Letter

Gene-gene and gene-environment interactions detected by transcriptome sequence analysis in twins

Received:
Accepted:
Published online:

Abstract

Understanding the genetic architecture of gene expression is an intermediate step in understanding the genetic architecture of complex diseases. RNA sequencing technologies have improved the quantification of gene expression and allow measurement of allele-specific expression (ASE). ASE is hypothesized to result from the direct effect of cis regulatory variants, but a proper estimation of the causes of ASE has not been performed thus far. In this study, we take advantage of a sample of twins to measure the relative contributions of genetic and environmental effects to ASE, and we find substantial effects from gene × gene (G×G) and gene × environment (G×E) interactions. We propose a model where ASE requires genetic variability in cis, a difference in the sequence of both alleles, but where the magnitude of the ASE effect depends on trans genetic and environmental factors that interact with the cis genetic variants.

  • Subscribe to Nature Genetics for full access:

    $59

    Subscribe

Additional access options:

Already a subscriber?  Log in  now or  Register  for online access.

References

  1. 1.

    et al. Mapping cis- and trans-regulatory effects across multiple tissues in twins. Nat. Genet. 44, 1084–1089 (2012).

  2. 2.

    et al. Relative impact of nucleotide and copy number variation on gene expression phenotypes. Science 315, 848–853 (2007).

  3. 3.

    et al. Patterns of cis regulatory variation in diverse human populations. PLoS Genet. 8, e1002639 (2012).

  4. 4.

    et al. Detection and replication of epistasis influencing transcription in humans. Nature 508, 249–253 (2014).

  5. 5.

    et al. Transcriptome genetics using second generation sequencing in a Caucasian population. Nature 464, 773–777 (2010).

  6. 6.

    et al. Understanding mechanisms underlying human gene expression variation with RNA sequencing. Nature 464, 768–772 (2010).

  7. 7.

    et al. Transcriptome and genome sequencing uncovers functional variation in humans. Nature 501, 506–511 (2013).

  8. 8.

    et al. Monozygotic twins discordant for 18q21.2qter deletion detected by array CGH in amniotic fluid. Eur. J. Med. Genet. 56, 502–505 (2013).

  9. 9.

    et al. Adult monozygotic twins discordant for intra-uterine growth have indistinguishable genome-wide DNA methylation profiles. Genome Biol. 14, R44 (2013).

  10. 10.

    et al. A genome-wide association study of monozygotic twin-pairs suggests a locus related to variability of serum high-density lipoprotein cholesterol. Twin Res. Hum. Genet. 15, 691–699 (2012).

  11. 11.

    et al. Gene-nutrient interactions in the metabolic syndrome: single nucleotide polymorphisms in ADIPOQ and ADIPOR1 interact with plasma saturated fatty acids to modulate insulin resistance. Am. J. Clin. Nutr. 91, 794–801 (2010).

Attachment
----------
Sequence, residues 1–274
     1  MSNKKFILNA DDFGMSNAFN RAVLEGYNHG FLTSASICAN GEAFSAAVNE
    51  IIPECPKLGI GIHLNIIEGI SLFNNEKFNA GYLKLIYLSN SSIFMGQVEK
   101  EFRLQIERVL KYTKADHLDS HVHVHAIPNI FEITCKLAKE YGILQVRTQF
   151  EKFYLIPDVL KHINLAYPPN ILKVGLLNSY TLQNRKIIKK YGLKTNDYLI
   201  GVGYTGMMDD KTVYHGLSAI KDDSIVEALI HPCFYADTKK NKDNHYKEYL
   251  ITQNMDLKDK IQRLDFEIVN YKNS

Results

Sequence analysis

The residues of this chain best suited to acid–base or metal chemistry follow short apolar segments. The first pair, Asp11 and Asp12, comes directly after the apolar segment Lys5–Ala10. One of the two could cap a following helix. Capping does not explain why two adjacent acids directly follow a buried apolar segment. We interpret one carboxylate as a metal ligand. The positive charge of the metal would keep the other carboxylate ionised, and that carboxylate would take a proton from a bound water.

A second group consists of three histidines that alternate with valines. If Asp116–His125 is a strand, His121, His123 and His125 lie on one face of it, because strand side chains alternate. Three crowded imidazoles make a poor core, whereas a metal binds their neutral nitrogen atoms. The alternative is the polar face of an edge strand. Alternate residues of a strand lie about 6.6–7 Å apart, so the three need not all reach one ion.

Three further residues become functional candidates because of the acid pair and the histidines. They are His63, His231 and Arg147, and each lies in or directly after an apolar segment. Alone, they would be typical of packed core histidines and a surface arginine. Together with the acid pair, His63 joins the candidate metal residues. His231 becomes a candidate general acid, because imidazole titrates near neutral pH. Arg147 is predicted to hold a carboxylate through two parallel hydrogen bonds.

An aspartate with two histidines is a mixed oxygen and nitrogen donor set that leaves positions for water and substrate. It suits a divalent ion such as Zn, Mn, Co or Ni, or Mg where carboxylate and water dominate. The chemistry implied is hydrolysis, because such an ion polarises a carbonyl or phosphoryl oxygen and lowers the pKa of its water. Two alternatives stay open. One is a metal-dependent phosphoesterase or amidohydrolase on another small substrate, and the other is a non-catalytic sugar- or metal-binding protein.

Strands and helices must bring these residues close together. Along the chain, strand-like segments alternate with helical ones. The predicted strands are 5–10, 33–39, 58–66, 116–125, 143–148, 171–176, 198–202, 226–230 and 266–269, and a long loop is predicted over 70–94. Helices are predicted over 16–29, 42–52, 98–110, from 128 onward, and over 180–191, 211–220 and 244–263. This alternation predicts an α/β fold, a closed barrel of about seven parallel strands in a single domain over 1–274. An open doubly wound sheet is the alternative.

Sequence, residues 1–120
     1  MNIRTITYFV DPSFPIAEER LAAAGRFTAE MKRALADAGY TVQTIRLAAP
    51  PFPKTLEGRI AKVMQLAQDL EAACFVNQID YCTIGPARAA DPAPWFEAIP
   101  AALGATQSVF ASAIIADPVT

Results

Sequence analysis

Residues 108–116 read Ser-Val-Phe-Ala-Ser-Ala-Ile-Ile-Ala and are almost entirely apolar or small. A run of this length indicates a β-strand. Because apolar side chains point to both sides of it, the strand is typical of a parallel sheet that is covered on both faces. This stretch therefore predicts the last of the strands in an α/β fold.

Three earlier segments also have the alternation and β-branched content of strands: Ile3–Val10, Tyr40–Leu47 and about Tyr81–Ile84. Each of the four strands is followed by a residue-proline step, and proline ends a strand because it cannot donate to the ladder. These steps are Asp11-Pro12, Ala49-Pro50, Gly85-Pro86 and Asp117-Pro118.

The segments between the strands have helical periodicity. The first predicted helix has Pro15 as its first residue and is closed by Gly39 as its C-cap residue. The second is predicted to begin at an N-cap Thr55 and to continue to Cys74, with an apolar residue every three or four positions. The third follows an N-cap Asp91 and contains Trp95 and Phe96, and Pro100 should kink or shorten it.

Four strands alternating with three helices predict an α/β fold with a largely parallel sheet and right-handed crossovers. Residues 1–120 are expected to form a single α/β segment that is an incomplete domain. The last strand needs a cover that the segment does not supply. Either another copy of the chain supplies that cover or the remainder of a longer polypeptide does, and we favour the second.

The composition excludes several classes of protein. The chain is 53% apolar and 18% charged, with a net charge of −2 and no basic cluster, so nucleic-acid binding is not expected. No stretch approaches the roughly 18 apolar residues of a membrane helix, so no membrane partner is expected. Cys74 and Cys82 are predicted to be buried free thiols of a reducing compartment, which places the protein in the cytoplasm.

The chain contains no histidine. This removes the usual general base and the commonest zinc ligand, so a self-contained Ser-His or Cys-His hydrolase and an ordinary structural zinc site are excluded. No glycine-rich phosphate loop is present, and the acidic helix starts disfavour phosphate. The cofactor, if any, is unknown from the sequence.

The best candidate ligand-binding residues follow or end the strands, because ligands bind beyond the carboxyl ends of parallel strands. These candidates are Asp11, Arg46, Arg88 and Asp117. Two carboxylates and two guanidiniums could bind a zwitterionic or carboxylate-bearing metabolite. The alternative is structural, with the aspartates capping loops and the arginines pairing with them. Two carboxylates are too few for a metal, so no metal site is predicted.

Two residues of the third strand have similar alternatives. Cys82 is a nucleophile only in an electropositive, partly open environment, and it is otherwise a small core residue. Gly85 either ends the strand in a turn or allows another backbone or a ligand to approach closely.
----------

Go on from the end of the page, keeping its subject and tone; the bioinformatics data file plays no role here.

12. 12.

    , & Exploring gene-environment relationships in cardiovascular disease. Can. J. Cardiol. 29, 37–45 (2013).

  13. 13.

    et al. Adiponectin gene variants are associated with insulin sensitivity in response to dietary fat consumption in Caucasian men. J. Nutr. 138, 1609–1614 (2008).

  14. 14.

    et al. ADIPOQ polymorphisms, monounsaturated fatty acids, and obesity risk: the GOLDN study. Obesity (Silver Spring) 17, 510–517 (2009).

  15. 15.

    1000 Genomes Project Consortium. An integrated map of genetic variation from 1,092 human genomes. Nature 491, 56–65 (2012).

  16. 16.

    , & A flexible and accurate genotype imputation method for the next generation of genome-wide association studies. PLoS Genet. 5, e1000529 (2009).

  17. 17.

    et al. Initial sequencing and analysis of the human genome. Nature 409, 860–921 (2001).

  18. 18.

    & Fast and accurate short read alignment with Burrows-Wheeler transform. Bioinformatics 25, 1754–1760 (2009).

  19. 19.

    et al. GENCODE: the reference human genome annotation for The ENCODE Project. Genome Res. 22, 1760–1774 (2012).

  20. 20.

    , , & Joint genetic analysis of gene expression data with inferred cellular phenotypes. PLoS Genet. 7, e1001276 (2011).

  21. 21.

    , , & GenABEL: an R library for genome-wide association analysis. Bioinformatics 23, 1294–1296 (2007).

  22. 22.

    Matrix eQTL: ultra fast eQTL analysis via large matrix operations. Bioinformatics 28, 1353–1358 (2012).

  23. 23.

    et al. Reproducibility of high-throughput mRNA and small RNA sequencing across laboratories. Nat. Biotechnol. 31, 1015–1022 (2013).

  24. 24.

    et al. Quantifying RNA allelic ratios by microfluidic multiplex PCR and sequencing. Nat. Methods 11, 51–54 (2014).

  25. 25.

    & Introduction to Quantitative Genetics (Longmans Green, 1996).